Tens of thousands of women in Iceland, including Prime Minister Katrín Jakobsdóttir, are refusing to work on Tuesday.
The “kvennafri”, or women’s day off, has been called in protest at the gender pay gap and gender-based violence.
Fields in which women form the majority of workers, such as healthcare and education, are especially affected.The planned walkout marks the first full-day women’s strike since 1975.
Women and non-binary people have been urged to refuse paid and unpaid work on Tuesday, including household chores. “I will not work this day, as I expect all the women [in cabinet] will do as well,” Iceland’s PM Ms Jakobsdóttir told the mbl.is website ahead of the protest.
Around 80% of workers at the National University Hospital of Iceland, the biggest in the country, are women. Iceland has been ranked the best country in the world for gender equality by the World Economic Forum (WEF) for 14 years in a row. But the country is not completely equal, with the WEF assigning it an overall score of 91.2%.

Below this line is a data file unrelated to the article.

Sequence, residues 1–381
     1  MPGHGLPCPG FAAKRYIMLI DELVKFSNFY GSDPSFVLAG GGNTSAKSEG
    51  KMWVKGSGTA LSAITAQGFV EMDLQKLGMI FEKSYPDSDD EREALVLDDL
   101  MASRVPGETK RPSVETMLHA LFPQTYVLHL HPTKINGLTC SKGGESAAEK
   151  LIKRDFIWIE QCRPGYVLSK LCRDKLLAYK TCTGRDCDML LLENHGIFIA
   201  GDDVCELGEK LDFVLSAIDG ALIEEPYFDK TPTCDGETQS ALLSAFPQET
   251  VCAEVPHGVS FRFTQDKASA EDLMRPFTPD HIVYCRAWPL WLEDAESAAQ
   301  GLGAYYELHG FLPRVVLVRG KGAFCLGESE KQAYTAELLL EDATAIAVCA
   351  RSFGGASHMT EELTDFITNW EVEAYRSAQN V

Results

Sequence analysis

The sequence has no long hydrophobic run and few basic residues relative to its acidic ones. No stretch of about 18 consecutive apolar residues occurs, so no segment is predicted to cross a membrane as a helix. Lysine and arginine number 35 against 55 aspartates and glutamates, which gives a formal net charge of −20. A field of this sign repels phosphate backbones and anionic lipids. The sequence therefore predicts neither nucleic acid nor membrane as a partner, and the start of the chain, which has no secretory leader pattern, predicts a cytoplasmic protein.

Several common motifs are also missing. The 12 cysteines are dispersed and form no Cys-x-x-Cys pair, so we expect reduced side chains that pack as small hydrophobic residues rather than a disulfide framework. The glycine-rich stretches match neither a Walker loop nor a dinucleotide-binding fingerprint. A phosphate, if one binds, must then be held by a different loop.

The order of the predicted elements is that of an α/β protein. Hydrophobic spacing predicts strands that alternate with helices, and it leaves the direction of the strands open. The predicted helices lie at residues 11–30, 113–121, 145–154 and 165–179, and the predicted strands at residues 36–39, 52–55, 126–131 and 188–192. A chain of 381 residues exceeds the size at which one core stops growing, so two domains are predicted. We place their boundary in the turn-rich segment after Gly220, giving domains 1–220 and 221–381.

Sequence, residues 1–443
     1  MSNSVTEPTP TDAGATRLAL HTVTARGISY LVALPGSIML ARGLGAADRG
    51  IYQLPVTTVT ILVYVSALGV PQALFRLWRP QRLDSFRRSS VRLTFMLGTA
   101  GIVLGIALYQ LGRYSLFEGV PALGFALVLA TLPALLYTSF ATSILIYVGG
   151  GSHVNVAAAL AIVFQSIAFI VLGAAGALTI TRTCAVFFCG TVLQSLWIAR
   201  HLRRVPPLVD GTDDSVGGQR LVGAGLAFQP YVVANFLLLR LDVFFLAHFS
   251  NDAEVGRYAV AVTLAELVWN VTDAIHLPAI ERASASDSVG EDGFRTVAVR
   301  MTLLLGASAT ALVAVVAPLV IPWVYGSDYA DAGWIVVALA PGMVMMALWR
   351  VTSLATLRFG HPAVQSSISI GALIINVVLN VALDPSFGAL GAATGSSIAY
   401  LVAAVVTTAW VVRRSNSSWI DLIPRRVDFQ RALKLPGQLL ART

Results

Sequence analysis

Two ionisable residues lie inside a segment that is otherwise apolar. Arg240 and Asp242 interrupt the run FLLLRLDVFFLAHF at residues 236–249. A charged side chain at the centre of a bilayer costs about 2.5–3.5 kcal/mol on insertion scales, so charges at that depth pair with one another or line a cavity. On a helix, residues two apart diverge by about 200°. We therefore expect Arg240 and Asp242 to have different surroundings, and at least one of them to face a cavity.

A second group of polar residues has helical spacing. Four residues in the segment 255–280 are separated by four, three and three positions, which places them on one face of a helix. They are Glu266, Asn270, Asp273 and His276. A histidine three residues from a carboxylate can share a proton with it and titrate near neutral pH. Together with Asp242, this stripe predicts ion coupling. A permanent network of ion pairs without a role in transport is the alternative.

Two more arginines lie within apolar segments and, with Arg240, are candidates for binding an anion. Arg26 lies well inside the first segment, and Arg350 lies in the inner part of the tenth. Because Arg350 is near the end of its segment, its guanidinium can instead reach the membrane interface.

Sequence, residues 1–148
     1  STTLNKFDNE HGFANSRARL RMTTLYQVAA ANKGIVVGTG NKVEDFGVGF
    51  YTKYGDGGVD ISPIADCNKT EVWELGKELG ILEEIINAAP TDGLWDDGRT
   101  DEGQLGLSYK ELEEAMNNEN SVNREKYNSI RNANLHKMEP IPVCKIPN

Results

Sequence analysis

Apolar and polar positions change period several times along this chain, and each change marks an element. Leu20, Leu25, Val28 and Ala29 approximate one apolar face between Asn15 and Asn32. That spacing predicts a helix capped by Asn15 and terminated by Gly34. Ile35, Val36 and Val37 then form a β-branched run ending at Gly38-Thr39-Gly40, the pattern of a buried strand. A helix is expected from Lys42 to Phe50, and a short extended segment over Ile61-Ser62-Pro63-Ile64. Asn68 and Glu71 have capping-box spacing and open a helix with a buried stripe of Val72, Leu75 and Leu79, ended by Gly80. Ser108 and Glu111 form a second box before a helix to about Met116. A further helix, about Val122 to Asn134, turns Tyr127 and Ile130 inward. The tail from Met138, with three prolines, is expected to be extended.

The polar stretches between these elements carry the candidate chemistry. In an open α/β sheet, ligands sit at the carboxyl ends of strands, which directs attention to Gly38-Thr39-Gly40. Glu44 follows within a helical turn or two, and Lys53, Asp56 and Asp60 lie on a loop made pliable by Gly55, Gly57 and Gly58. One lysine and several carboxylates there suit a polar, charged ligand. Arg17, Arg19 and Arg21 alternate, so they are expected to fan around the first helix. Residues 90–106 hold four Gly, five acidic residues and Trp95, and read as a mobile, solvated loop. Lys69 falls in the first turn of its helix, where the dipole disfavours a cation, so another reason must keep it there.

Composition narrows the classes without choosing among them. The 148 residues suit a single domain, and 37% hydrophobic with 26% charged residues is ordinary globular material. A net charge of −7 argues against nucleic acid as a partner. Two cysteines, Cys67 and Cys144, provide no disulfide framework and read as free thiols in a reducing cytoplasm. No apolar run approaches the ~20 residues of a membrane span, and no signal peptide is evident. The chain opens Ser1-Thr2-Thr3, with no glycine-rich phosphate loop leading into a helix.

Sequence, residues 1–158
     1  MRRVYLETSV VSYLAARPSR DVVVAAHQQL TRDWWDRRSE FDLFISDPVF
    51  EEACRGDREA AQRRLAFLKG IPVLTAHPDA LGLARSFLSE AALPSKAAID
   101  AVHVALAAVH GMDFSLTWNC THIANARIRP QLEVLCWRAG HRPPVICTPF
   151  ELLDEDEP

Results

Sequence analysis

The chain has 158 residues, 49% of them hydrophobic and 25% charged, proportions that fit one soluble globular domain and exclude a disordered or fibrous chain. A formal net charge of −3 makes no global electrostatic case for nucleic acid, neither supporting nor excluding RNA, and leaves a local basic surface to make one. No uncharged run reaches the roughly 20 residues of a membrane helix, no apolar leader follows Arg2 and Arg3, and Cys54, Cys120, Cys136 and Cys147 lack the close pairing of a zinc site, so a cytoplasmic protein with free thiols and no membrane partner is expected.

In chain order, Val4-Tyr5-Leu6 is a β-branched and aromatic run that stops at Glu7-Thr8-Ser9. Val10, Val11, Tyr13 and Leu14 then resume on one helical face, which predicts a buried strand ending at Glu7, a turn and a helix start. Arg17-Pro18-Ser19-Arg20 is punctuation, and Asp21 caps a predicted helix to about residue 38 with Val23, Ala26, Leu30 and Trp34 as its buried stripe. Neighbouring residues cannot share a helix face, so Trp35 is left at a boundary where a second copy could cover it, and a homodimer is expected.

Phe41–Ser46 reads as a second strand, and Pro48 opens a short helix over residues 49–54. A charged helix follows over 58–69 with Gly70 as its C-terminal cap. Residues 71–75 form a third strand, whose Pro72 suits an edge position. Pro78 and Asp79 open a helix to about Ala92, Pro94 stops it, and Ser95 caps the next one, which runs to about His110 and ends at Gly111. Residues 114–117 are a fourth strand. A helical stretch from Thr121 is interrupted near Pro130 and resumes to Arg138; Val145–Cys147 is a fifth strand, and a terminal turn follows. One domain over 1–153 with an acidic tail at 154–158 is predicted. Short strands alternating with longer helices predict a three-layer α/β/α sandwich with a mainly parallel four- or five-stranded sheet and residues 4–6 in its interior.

The volcanic island, which is one of the most sparsely-populated countries, ranks 14th in the world for economic participation, below countries including Liberia, Jamaica and Norway.
Around 90% of Iceland’s female workforce went on strike in 1975, seeking to highlight the importance of women to the economy. The strike prompted the country’s parliament to pass an equal pay law the following year.
Written by: Kevin Nwabueze
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